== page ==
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"Popular" discussions of PvsNP often begin by characterizing NP problems as those for which a purported solution can be verified in polynomial "time". Later the definition changes to; the problem is solvable by a non-deterministic Turing machine in polynomial time. It's not obvious to me that these are equivalent definitions. Is there a simple demonsration of this point. (I want more than just a yes or no answer :-) )

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closed as off topic by Benjamin Steinberg, Steven Landsburg, Steve Huntsman, Misha, Henry Cohn Mar 24 '13 at 22:20

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Did you get as far as the second paragraph of the Wikipedia article on NP? – Steven Landsburg Mar 24 '13 at 21:09
In general, questions like this are a better fit for mathstackexchange. – Noah Schweber Mar 24 '13 at 21:22
In defense of the question. It is indeed a basic and easy fact, but I do not know a CS text where it is fully explained. For example, the text in Wiki uses a word "guess" which is a valid CS slang but for a non-CS person, it is not clear how a Turing machine can "guess" anything. – Mark Sapir Mar 24 '13 at 21:48
Looked at Section 2.1.2 of Arora and Barak. The explanation there is not precise enough (at least not to my taste). For example, what does it mean "then the machine will run another machine"? How a TM can run another TM? It is not a critique of the book. The target readers probably would "eat" that explanation without a problem. The problem starts when you try to apply it in an algebraic setting (say when you try to simulate the machine in a group). Then you actually need a much more precise definition of the machine. – Mark Sapir Mar 24 '13 at 22:45
Mark, you should'nt skip Chapter 1! There, it is clearly and formally defined what a machine is, and what it means for a machine to "run another one". – Bruno Mar 25 '13 at 10:16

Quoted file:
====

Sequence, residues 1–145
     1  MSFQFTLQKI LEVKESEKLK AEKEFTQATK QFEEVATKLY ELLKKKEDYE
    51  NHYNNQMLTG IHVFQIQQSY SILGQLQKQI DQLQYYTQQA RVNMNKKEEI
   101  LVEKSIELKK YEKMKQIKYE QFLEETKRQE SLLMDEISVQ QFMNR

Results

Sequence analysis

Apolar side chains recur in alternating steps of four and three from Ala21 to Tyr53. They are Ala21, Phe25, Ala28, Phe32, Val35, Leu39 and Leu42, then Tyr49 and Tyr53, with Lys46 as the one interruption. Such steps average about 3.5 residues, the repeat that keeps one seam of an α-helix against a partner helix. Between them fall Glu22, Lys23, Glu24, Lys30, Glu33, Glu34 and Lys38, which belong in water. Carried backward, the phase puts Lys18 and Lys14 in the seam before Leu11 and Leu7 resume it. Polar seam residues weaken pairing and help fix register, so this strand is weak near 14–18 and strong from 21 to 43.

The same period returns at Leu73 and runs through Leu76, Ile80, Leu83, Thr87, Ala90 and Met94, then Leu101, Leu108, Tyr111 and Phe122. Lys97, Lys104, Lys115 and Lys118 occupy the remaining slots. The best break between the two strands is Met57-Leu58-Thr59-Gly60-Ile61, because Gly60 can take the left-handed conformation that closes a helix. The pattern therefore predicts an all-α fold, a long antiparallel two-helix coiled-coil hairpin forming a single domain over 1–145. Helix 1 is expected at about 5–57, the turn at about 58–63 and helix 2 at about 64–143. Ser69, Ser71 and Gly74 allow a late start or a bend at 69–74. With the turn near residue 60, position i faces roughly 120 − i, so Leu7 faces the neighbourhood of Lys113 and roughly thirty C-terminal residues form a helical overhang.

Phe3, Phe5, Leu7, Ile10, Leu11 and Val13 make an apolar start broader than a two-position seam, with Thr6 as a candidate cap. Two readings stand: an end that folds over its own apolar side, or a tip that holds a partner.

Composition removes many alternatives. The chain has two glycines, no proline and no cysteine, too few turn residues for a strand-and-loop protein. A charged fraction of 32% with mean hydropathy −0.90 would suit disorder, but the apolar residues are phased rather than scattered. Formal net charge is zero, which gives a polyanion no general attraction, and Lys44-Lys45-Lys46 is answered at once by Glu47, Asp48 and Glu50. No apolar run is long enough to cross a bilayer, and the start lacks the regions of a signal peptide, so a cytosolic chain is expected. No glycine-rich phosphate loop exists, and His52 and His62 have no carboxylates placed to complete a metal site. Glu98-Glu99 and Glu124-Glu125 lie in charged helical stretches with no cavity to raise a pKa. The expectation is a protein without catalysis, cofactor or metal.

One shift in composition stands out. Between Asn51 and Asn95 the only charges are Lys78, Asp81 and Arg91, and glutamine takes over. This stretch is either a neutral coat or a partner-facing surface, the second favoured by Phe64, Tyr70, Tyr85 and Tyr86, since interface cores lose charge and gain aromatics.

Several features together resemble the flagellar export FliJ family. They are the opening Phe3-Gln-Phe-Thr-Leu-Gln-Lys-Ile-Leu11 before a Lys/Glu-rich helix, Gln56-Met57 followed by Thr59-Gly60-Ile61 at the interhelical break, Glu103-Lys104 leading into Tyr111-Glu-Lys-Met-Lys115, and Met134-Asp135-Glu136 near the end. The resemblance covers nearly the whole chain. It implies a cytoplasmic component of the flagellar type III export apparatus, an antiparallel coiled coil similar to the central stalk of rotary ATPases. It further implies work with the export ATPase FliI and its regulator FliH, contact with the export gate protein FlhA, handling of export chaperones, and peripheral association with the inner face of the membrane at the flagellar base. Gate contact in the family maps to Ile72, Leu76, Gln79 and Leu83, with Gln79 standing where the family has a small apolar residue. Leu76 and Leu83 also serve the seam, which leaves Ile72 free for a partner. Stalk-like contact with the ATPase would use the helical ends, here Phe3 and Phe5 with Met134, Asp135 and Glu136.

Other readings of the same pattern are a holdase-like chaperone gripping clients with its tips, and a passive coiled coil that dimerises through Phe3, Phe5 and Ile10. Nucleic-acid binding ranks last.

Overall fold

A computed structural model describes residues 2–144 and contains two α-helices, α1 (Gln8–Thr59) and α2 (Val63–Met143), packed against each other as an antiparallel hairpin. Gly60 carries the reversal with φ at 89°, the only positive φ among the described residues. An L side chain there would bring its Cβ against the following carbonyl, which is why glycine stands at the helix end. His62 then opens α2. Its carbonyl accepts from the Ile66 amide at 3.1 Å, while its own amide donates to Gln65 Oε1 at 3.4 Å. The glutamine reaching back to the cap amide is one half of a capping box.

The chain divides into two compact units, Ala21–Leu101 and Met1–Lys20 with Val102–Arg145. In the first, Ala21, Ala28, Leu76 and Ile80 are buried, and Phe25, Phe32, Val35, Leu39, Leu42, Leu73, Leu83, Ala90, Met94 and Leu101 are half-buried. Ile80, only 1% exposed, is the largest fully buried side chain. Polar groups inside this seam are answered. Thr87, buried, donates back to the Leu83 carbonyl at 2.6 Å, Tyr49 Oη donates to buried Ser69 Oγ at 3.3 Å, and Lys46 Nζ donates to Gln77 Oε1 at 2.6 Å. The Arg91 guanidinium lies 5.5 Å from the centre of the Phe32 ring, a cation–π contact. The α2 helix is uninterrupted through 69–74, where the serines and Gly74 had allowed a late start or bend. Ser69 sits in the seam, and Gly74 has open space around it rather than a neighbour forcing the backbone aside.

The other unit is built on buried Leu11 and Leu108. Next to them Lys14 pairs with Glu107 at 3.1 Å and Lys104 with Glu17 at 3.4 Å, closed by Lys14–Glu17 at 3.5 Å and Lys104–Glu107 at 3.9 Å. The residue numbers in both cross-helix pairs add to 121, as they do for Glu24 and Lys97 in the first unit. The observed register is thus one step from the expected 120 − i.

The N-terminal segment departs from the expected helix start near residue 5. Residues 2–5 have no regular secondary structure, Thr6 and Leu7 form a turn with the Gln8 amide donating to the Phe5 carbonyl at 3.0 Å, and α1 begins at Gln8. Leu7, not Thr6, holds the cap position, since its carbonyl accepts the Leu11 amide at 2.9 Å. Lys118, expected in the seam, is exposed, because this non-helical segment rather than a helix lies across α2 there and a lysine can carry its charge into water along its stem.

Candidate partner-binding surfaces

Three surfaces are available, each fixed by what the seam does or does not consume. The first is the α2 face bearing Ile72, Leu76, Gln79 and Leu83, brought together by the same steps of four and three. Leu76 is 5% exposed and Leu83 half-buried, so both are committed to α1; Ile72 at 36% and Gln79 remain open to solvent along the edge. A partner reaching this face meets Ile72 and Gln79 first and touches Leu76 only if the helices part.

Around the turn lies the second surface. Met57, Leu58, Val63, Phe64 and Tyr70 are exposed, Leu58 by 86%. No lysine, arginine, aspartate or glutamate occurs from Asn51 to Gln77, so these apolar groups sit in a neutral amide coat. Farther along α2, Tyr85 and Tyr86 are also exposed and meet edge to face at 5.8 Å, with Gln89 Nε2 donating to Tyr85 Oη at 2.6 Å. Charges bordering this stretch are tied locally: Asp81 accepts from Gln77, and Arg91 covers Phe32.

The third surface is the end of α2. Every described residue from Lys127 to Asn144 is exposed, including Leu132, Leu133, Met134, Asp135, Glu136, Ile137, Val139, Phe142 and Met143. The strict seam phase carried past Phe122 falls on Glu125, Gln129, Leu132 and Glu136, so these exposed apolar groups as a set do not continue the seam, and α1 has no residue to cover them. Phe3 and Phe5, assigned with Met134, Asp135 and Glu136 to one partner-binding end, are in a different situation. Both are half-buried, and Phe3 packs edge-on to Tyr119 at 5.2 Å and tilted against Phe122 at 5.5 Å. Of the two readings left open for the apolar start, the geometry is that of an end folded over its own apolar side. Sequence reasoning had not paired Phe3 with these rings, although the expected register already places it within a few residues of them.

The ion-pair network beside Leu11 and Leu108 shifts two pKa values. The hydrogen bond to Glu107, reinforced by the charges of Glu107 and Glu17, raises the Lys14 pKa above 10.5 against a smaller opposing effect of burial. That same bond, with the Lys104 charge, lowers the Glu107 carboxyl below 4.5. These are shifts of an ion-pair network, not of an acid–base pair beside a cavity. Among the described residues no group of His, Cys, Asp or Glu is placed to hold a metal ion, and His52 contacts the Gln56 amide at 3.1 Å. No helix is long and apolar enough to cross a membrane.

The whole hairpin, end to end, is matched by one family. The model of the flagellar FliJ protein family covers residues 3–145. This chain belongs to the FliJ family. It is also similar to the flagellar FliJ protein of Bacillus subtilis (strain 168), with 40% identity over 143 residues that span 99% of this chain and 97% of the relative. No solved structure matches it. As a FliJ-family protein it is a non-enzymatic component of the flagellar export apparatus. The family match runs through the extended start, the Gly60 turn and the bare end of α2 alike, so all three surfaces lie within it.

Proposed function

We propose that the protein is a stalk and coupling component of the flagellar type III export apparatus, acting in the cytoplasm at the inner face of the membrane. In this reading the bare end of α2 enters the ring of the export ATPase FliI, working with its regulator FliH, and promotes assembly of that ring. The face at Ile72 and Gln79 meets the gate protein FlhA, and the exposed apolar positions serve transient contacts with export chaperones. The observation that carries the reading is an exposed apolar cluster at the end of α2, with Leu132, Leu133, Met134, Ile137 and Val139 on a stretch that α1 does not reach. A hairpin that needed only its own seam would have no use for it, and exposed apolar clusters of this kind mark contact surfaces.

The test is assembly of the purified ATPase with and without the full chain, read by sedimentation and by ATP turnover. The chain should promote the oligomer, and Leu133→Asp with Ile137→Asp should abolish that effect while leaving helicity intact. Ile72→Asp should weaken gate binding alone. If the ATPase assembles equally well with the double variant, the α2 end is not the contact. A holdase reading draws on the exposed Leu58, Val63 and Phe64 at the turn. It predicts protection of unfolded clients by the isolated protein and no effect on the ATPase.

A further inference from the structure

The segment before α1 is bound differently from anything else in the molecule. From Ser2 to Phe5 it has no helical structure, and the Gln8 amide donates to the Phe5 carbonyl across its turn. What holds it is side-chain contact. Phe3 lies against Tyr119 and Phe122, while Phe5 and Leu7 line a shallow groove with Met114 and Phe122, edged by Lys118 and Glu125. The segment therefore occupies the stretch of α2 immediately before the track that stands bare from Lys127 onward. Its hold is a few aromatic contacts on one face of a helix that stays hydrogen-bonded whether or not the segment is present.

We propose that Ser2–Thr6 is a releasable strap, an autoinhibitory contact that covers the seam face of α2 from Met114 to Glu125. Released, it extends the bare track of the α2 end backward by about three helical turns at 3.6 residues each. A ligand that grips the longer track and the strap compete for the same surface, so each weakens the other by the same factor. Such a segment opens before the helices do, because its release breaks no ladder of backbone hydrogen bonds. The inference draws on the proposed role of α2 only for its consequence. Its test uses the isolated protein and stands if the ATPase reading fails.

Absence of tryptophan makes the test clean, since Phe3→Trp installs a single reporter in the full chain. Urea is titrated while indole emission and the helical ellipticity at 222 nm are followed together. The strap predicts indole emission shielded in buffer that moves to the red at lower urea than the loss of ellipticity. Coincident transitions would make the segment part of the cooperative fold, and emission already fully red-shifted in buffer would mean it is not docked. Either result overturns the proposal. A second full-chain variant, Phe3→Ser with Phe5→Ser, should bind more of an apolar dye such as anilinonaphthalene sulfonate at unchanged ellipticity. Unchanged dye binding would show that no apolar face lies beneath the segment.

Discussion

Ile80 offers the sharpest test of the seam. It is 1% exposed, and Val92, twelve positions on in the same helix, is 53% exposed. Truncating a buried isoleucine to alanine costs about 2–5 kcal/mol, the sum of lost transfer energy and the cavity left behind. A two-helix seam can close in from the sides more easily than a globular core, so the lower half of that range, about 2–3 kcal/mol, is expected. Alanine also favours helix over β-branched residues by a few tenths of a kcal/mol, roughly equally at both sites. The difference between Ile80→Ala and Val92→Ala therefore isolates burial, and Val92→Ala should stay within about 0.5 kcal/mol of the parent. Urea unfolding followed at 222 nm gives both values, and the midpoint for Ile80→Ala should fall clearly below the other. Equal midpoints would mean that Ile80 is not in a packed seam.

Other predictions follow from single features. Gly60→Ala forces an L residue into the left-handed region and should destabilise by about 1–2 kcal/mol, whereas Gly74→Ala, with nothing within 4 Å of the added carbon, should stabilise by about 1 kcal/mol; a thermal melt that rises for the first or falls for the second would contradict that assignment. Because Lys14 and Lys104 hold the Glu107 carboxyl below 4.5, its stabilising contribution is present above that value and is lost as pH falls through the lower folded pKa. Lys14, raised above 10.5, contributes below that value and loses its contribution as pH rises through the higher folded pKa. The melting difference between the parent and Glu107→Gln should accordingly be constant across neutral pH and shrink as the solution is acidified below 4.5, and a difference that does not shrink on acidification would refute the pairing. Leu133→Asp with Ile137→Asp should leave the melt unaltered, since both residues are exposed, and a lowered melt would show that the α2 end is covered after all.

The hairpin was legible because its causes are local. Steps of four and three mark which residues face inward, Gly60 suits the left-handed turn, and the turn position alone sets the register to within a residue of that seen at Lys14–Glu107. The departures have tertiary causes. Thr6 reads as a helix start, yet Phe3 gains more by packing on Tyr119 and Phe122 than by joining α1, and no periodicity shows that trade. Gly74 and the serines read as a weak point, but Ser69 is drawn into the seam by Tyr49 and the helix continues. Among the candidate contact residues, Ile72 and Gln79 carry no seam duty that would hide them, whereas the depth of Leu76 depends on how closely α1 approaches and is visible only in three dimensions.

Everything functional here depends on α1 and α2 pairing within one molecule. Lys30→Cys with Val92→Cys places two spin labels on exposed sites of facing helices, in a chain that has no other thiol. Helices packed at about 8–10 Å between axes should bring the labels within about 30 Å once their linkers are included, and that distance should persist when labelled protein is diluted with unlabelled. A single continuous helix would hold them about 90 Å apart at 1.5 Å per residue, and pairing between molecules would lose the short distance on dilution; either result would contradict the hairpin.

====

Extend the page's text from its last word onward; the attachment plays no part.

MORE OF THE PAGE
Yes, the proof is not difficult. Suppose that a problem has proofs verified in polynomial time by a deterministic Turing machine $M$. That means that $M$ has two special tapes: the INPUT tape, and a PROOF tape. Given an input word $u$ written on the INPUT tape and a text written on the PROOF tape, $M$ checks in time polynomial in $|u|$ if the proof proves that the word should be accepted. Now consider a new non-deterministic Turing machine $M'$ with the same tapes as $M$. First $M'$ writes a text on the PROOF tape (non-deterministically) using the PROOF tape alphabet of $M$. Then (again at non-predetermined time) $M'$ turns on $M$ to check if the text written on the PROOF tape is a valid proof. Conversely, suppose that there exists a non-deterministic Turing machine $M$ which checks if a word $u$ should be accepted. Then the "proof" is the accepting computation of $M$. Clearly, given a sequence of commands of $M$ of length $O(|u|^k)$, it would take at most $O(|u|^k)$ steps by a deterministic Turing machine to check if $M$ accepts $u$ using this sequence of commands.

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